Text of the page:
There’s something so hollow about descriptions of love and unrequited love and crushes to me, and it could just be because everyone loves describing it probably as much as they love feeling it too. Sometimes people are so animated in talking about their feelings, that I can’t help but wonder if they prefer the sensation over the people they feel it towards themselves. I don’t actively seek out articles on the subject (nor do I really write about it) but I work for a website that is the mecca of all things Love and so I am absorbed in a lot of the content on a regular basis. It’s funny to comb through these essays and see how many people think they’ve nailed what it’s like. It’s funny to read through the similarities and differences, the overlapping ideas, all the personal stories.
Sometimes reading these essays makes me feel like I’m being suffocated in some giant, fluffy pink cloud of love love love love love where everyone else is sleepy eyed and slow.
Only recently did I learn that some people genuinely have a fear of never feeling love again. I’ve only ever really considered whether multiple people could ever feel love towards me, but I wonder if it’s because I have an overwhelming need to please people a lot of the time.
The whole thing reminds me of a Joan Didion quote that I feel like I will later on be embarrassed I even put in here, about how one of the double-edged swords of being in your early 20s is experiencing this fierce conviction that “nothing like this, all evidence to the contrary notwithstanding, has ever happened to anyone before.” That’s how I feel about essays on love.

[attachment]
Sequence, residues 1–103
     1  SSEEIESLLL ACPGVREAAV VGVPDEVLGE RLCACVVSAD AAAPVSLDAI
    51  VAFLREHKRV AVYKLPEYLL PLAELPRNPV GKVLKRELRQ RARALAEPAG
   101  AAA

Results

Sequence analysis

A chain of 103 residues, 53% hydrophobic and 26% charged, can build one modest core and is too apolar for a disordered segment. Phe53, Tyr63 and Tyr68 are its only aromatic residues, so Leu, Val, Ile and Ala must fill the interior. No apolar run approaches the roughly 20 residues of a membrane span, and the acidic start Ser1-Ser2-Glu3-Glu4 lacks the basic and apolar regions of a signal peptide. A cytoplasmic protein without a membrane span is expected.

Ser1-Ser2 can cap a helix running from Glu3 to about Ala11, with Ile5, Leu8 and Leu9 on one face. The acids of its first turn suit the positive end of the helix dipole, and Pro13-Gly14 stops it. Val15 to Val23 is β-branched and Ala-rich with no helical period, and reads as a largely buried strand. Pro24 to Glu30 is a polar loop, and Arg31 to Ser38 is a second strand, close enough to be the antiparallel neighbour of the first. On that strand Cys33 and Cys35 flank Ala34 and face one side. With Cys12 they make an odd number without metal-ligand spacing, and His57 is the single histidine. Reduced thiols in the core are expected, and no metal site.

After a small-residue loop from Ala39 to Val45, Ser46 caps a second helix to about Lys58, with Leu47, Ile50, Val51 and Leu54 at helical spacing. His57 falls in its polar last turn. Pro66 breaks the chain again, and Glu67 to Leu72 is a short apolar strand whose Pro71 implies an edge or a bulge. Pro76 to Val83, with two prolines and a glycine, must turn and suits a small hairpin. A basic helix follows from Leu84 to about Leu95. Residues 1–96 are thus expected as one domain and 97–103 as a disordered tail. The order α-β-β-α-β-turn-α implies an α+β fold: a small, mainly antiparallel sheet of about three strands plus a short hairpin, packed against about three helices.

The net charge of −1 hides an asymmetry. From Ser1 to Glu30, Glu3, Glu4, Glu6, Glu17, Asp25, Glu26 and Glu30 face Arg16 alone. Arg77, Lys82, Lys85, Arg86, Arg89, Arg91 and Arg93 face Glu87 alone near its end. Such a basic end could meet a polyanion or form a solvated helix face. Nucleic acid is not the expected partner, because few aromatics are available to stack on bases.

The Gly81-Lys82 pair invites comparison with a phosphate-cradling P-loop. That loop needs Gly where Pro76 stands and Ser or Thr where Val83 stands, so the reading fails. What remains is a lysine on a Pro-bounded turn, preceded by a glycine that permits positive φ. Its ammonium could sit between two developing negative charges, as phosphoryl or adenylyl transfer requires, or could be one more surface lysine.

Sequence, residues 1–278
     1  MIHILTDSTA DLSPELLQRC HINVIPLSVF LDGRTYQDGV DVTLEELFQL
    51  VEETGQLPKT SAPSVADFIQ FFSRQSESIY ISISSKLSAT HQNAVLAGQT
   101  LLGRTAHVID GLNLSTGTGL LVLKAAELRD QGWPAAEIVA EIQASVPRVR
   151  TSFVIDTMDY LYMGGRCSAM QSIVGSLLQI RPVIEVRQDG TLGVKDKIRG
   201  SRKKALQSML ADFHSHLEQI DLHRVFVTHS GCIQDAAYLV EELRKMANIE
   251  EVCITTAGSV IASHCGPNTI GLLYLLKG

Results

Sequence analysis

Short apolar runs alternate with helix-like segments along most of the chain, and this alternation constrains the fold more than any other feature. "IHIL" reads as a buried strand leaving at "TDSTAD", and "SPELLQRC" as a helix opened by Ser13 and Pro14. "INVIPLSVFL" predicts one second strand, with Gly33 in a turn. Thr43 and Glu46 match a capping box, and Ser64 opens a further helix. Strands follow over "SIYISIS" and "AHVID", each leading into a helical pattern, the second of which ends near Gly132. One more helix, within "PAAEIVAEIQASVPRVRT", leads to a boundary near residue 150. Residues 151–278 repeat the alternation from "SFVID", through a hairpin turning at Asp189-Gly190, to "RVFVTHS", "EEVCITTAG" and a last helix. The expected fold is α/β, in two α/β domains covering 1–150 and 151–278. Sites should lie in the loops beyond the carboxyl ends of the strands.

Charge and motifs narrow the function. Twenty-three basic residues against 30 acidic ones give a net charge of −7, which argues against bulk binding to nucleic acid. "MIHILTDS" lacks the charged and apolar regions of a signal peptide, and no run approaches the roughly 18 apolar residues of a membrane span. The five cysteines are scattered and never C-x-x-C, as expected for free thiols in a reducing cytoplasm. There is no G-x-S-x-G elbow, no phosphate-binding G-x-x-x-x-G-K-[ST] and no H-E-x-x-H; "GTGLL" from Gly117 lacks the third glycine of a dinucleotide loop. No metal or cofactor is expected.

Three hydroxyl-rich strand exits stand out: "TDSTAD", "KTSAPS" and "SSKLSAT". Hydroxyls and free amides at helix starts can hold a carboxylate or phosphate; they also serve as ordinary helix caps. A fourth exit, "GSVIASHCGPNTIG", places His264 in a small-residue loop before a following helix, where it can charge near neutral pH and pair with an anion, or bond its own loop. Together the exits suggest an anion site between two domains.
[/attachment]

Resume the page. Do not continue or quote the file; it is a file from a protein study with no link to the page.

But this isn’t necessarily an essay on love because I do not love you. You do not make me want to write poetry (I am terrible at writing poetry), thoughts of you do not distract me (they’re usually fleeting), and the love songs and love essays still don’t make sense to me.
I say this with almost no feeling. I don’t know if that makes it better or softer or just all around more terrible than just the sentiment of saying “I don’t love you” on its own. I say it matter-of-factly and without hesitation. I say it clearly and calmly: I do not love you.
You do not make me want to sing, you do not make me flustered or flushed, my heart does not race or get caught in my throat, I do not silently imagine your last name following mine. You do not make me feel like I’m enveloped in that giant, fluffy pink cloud. My eyes are still wide awake.